Stories passed down from generation to generation by mouth.
emphasized the unity of Africans and people of African descent around the world.
Africa is called this because the Europeans knew so little about it.
farming that provides for the basic needs of the farmer without surpluses for marketing.
City on the Niger River in Mali.
Founded by the Tuareg as a seasonal camp around 1000 ad. During the Mali empire, it became a wealthy terminus of the trans-Saharan trade route and a center of Islamic learning.
movement of people from rural areas to cities.
W.E.B. Du Bois
fought for African American rights -- founded a movement in 1905 to fight for and establish equal rights. This movement later became the NAACP.
white man's burden
idea that many European countries had a duty to spread their religion and culture to those less civilized.
A group of Zulu's in South Africa who were taken over by the Dutch. They fought against the Dutch in the 1st Boer War. The British fought against the Dutch in the 2nd Boer War.
a deceptive outward appearance; a misrepresentation.
Virus that destroys the immune system. The disease is passed from person to person through body fluids. Examples: sexual acts, blood transfusions, used hypodermic needles, or during child birth.
Indo-European speaking nomads who entered India from the Cacausus Mountains, between 1500 and 1000 BC--they greatly affected Indian society.
The grandson of Chandragupta who also was a leader of the Mauryan Empire. He converted to Buddhism from Hinduism, and tolerated other religions in his Empire. He played a role in the spread of Buddhism.
a world religion or philosophy based on the teaching of Siddhartha Gautama (the Buddha)-- a state of enlightenment can be attained by suppressing worldly desires.
a rigid social structure in which social classes are determined by heredity--determines a person's career and economic future.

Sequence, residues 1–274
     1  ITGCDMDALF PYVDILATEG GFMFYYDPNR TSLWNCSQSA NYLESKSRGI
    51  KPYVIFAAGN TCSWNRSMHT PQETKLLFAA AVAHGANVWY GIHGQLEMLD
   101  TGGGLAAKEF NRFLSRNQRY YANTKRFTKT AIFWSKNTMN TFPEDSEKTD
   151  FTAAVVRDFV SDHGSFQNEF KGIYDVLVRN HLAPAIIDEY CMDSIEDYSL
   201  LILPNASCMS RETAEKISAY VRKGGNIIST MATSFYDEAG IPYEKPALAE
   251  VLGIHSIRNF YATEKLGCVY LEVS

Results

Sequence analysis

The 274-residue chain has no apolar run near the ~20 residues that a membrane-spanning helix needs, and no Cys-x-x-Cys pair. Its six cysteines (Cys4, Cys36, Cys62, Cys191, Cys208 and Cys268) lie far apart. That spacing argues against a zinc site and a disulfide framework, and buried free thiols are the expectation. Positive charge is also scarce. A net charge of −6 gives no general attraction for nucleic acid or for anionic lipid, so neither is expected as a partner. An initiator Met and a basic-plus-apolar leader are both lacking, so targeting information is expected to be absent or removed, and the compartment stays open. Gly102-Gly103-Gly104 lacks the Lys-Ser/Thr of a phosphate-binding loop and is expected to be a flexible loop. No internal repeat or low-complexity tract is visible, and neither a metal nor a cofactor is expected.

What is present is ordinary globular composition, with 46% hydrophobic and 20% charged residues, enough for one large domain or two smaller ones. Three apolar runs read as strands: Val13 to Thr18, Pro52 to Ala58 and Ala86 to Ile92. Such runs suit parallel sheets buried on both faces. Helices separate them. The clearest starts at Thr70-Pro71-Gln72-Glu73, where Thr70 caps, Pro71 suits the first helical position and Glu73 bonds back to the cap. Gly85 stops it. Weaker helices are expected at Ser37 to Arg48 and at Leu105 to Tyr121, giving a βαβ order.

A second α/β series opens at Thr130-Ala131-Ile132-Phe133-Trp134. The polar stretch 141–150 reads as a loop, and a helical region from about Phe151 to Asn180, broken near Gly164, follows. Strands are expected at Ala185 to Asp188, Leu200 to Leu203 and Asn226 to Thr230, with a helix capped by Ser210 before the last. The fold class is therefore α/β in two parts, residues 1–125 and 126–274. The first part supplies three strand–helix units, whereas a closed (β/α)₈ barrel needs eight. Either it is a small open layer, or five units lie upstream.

civil service system
method of hiring government employees based on merit rather than on political beliefs or allegiances.
Duty and respect for parents.
in India; sacred to Hindus-- used for spiritual cleansing, funeral ceremonies and other rituals.
a region in the northwestern part of the Indian subcontinent; India and Pakistan dispute control over it.
a war between Communist North Korea and Non-Communist South Korea (1950-1953). The United Nations (led by the United States) helped South Korea.
Mao Zedong (or Mao Tse Tung)
a Chinese Communist revolutionary, guerrilla warfare strategist, and leader of the Chinese Revolution. He founded the People's Republic of China.
Indian protest leader in the early 1900's who used passive resistance and nonviolence to overthrow British rule of India.
a seasonal wind in southern Asia.
the act of dividing something up into parts (example: Pakistan and India)
an ancient written language from India (the language of the Vedas and of Hinduism).
A beautiful tomb in India, built by the Mughal ruler Shah Jahan for his wife.
a group of many islands in a large body of water.
Aung Sang Suu Ky
Burma's democracy leader and Nobel Peace Prize winner, who symbolizes Burma's struggle to be free.
growth to a global or worldwide scale.
love of country and willingness to sacrifice for it.
freedom from being ruled by someone else.
willingness to let others practice their own beliefs.
adoption of western ideas, technology, and culture.
Leader of the Zulu people--around 1816 used highly trained warriors to create a large centralized state. Zulu land came under British control in 1887.
One of the two types of rule used by Colonialists in Africa---the colonial leader keeps the local leader in place, but controls him.